Home » Topic » Ultrasound examination

What is Ultrasound?
How is it done?
What are the uses of ultrsasound?
How do patients prepare for an ultrasound?
How safe is it?
Sun,18 Jan 2004 05:30:00 +0530
Written by : DoctorNDTV Team
Checked by :
  • What is Ultrasound?
    Sun,18 Jan 2004 05:30:00
    Ultrasound is a technique that uses sound waves to study the internal parts of the body. High-frequency sound waves (20,000Hz and above), which are beyond the range of normal hearing are transmitted to the area that needs to be studied and the returning echos are recorded. The technical term for ultrasound testing and recording is sonography. It is used widely in every branch of medicine eg. in obstetrics to study the foetus, in cardiology to detect heart damage and in ophthalmology to detect problems related to the eye. Sometimes ultrasound waves may be used to treat joint pains and in lithotripsy (a procedure in which shock waves break up kidney stones, eliminating the need for surgery). Ultrasound has been used in medicine since the Second World War and is recognised as a non-invasive and an inexpensive imaging technique.
  • How is it done?
    Sun,18 Jan 2004 05:30:00
    In this technique, high frequency sound waves are used to produce an image, representative of the part that needs to be studied. An gel is spread over the skin on the area to be studied. A hand held instrument called a transducer is passed over the surface of interest. It emits high frequency sound waves and collects the reflections from the internal organs. The computer compiles this information into a picture on a video screen and this is simultaneously recorded on a film. After the scanning the gel is wiped off.
  • What are the uses of ultrsasound?
    Sun,18 Jan 2004 05:30:00
    Ultrasound examinations can be used for a variety of purposes ranging from examinations of the chest, abdomen, blood vessels to evaluation of pregnancy. An ultrasound can be used:
    • To obtain detailed images of the size and function of the heart. It can also detect abnormalities of the heart valves, infections of the heart (endocarditis), abnormal fluid collections around the heart (pericardial effusions) or to evaluate and monitor heart functions after a heart attack.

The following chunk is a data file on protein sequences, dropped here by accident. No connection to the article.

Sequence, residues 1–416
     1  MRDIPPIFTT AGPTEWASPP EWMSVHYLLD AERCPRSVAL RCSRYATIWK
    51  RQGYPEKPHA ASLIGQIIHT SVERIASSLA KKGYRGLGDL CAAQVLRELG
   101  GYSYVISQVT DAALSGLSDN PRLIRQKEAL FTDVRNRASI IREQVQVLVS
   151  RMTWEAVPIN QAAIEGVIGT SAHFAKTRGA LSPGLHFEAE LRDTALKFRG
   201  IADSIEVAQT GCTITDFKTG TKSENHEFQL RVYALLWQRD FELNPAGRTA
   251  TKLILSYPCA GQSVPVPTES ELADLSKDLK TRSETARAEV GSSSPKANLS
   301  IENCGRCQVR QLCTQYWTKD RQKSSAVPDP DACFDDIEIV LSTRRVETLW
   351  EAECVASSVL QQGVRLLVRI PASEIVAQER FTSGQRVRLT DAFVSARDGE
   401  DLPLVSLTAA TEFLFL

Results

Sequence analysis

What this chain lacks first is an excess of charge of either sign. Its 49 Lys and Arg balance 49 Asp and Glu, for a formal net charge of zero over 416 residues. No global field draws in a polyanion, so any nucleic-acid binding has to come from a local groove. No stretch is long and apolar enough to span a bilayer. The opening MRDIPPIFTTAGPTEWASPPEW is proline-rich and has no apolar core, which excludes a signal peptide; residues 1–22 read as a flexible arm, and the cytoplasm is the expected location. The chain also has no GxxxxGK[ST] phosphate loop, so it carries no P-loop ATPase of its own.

• To examine the internal structures of the abdomen. Gallstones, kidney problems, tumours, abscess or cysts can be detected in the abdomen or liver.
    • To evaluate the size, gender, movement and position of the growing baby. Transvaginal ultrasounds help to identify patients at risk of opening of the cervix resulting in a miscarriage, monitoring of foetal heartbeat and identifying any other disorders related to pregnancy.
  • How do patients prepare for an ultrasound?
    Sun,18 Jan 2004 05:30:00
    The preparation required for an ultrasound is minimal. If internal organs such as the gallbladder are to be examined, patients are asked to avoid eating and drinking for six to eight hours prior to the examination. This is because food causes gallbladder contraction, minimizing the size which would be visible during an ultrasound. In case of an examination of the lower abdomen or during pregnancy it is recommended to have four to six glasses of water one to two hours prior to examination for the purpose of filling the urinary bladder. The extra fluid in the bladder is easy to identify and moves air-filled bowel loops away from the womb so that the baby and womb are more easily seen during the test.
  • How safe is it?
    Sun,18 Jan 2004 05:30:00
    No harmful effects have so far been noted in the field of diagnostic ultrasound. It is a safe technique and can be repeated as and when required.

................... Advertisement ...................




Using 0 of 1024 Possible characters
Choose Topic

Latest stories

Swine Flu Kills 11 In Nagpur, 4 In Indore: Tips To Prevent Swine Flu

Fri, 22 Sep 2017 17:00:13 IST
As many as 11 people died of swine flu in the Nagpur division in the past two days, taking the death toll 73 for the year, whereas four deaths were reported in Indore in a matter of past 24 hours.

Breathing Dirty Air May Lead To Kidney Failure: Study

Fri, 22 Sep 2017 16:00:58 IST
Air pollution may increase the risk of chronic kidney disease, which can lead to the failure of the organ, a study has warned.

Sexual Touch At An Early Age May Lead To Early Puberty

Fri, 22 Sep 2017 15:00:02 IST
German researchers found that women who were touched on their genitals at a young age experience changes in their brain and that touch triggers puberty.

Moderate Physical Activity For A Healthy Heart, Longer Life

Fri, 22 Sep 2017 14:00:23 IST
A recent study concludes that 1 in every 12 global deaths could be prevented, if all of us adhered to at-least 30 minutes of exercise each day, or 2.5 hours in week. Read on to know moderate exercising could help prevent heart disease and help you live longer.

11 Infants Being Treated For The E-Coli Infection At PGIMER

Fri, 22 Sep 2017 13:00:42 IST
The PGIMER (Post Graduate Institute of Medical Education and Research) battles against the outbreak of E-Coli infection in its Neonatal ICU. 1 infants are getting treatment for this infection at the moment, hospital sources reveal.